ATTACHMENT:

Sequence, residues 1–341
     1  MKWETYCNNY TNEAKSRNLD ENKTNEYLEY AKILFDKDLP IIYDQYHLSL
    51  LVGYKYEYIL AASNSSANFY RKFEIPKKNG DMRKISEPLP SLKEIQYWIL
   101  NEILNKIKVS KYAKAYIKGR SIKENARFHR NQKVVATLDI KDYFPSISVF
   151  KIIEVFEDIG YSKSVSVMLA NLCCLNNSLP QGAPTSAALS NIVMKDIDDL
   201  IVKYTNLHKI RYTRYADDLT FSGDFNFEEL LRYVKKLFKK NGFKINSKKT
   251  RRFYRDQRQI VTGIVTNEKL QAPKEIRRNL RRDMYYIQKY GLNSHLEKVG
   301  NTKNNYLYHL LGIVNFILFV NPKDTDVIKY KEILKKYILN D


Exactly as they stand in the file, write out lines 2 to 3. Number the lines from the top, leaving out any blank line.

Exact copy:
     1  MKWETYCNNY TNEAKSRNLD ENKTNEYLEY AKILFDKDLP IIYDQYHLSL
    51  LVGYKYEYIL AASNSSANFY RKFEIPKKNG DMRKISEPLP SLKEIQYWIL